Comparing self-regulatory processes, emotions, motivation and achievement when learning by teaching versus learning for learning
- Krista Muis (McGill U., Theme 1)
- Susanne P. Lajoie (McGill U., Theme 1)
- James Lester (North Carolina State U., Theme 2)
- Cynthia Psaradellis (McGill U.)
- Tenzin Doleck (McGill U.)
- Andy Smith (North Carolina State U.)
Digital technologies are ubiquitous and are being used in nearly every facet of everyday life. Despite the large number of tools that are available today, educational institutions have not fully integrated these technologies into the classrooms (Collins & Halverson, 2009). Moreover, few studies have been conducted to examine how technology-rich learning environments (TREs) may enhance students’ mathematics problem solving at the elementary educational level. We will address this gap in the literature by empirically examining how students’ emotions, self-regulatory processes, and learning outcomes vary across two different learning environments in the context of mathematics problem solving.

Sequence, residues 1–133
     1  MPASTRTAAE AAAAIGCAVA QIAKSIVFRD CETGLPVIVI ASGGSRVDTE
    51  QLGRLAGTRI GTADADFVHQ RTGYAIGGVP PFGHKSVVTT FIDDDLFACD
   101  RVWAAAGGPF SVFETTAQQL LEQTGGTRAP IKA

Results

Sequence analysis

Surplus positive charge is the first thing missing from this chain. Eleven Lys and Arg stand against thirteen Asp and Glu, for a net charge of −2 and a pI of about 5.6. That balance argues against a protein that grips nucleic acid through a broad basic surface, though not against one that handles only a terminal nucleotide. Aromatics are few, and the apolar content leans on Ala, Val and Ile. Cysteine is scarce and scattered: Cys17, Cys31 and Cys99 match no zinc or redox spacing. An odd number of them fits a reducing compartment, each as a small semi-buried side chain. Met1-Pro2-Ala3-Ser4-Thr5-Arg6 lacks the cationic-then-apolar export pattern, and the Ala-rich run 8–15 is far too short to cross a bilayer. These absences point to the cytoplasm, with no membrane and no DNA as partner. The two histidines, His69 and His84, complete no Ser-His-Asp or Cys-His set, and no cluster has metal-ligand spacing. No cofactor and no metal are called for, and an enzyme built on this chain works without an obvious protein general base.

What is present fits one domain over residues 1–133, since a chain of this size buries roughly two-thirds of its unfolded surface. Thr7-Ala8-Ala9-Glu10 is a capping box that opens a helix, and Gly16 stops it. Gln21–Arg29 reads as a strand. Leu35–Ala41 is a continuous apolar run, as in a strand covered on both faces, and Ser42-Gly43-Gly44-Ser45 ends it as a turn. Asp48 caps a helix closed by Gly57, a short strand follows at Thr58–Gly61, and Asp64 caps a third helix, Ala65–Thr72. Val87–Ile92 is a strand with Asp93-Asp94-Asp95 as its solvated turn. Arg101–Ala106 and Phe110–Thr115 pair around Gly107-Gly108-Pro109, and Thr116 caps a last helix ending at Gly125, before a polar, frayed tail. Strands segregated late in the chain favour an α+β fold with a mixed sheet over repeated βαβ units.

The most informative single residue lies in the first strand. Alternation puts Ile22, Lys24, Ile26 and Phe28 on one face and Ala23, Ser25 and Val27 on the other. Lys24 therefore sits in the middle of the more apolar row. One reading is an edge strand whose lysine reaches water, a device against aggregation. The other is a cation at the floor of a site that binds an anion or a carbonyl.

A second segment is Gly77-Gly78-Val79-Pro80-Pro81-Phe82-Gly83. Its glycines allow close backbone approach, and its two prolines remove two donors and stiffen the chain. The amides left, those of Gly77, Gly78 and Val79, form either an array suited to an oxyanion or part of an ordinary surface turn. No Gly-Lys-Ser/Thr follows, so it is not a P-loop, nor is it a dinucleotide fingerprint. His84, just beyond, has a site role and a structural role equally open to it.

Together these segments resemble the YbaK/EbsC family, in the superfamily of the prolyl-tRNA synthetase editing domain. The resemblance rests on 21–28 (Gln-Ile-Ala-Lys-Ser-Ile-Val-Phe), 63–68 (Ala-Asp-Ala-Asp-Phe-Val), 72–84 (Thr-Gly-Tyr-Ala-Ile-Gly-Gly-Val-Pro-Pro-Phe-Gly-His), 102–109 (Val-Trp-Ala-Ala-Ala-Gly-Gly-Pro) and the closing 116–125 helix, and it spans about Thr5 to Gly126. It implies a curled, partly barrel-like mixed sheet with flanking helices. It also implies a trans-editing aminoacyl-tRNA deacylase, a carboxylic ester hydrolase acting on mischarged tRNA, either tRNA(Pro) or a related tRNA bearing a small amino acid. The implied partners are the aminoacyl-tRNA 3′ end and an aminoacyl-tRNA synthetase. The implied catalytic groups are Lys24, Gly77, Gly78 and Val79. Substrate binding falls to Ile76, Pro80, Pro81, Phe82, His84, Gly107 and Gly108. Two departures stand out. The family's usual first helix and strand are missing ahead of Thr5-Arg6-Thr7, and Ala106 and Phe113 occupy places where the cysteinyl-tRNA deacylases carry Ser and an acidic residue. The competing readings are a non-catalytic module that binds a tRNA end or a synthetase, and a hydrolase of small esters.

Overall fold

How might TREs be designed to support learning? We frame our research within the learning by teaching (e.g., Biswas, Leelawong, Schwartz, & Vye, 2005; Biswas, Jeong, Kinnenbrew, Sulcer, & Roscoe, 2010; Palinscar & Brown, 1984), self-regulated learning (Muis, 2007; Winne & Hadwin, 2008) and achievement emotion (Pekrun, 2006) literatures.
We will examine to what extent self-regulated learning, emotions, task value, perceived control, and learning outcomes differ when learning by teaching versus solely learning for learning in the context of mathematics problem solving. Our primary research questions include: (1) How and to what extent do self-regulated learning, emotions, task value, and perceived control differ when learning by teaching compared to learning for learning in the context of mathematics problem solving? (2) Does learning by teaching result in higher levels of mathematics problem solving achievement compared to learning for learning?
Our research will add to the current literature by empirically evaluating a central assumption regarding how learning by teaching enhances learning processes and outcomes during mathematics problem solving. Moreover, we will broaden and advance understanding of relations between emotions, self-regulated learning, and achievement in the context of mathematics problem solving and how TREs may be designed to foster each of these facets.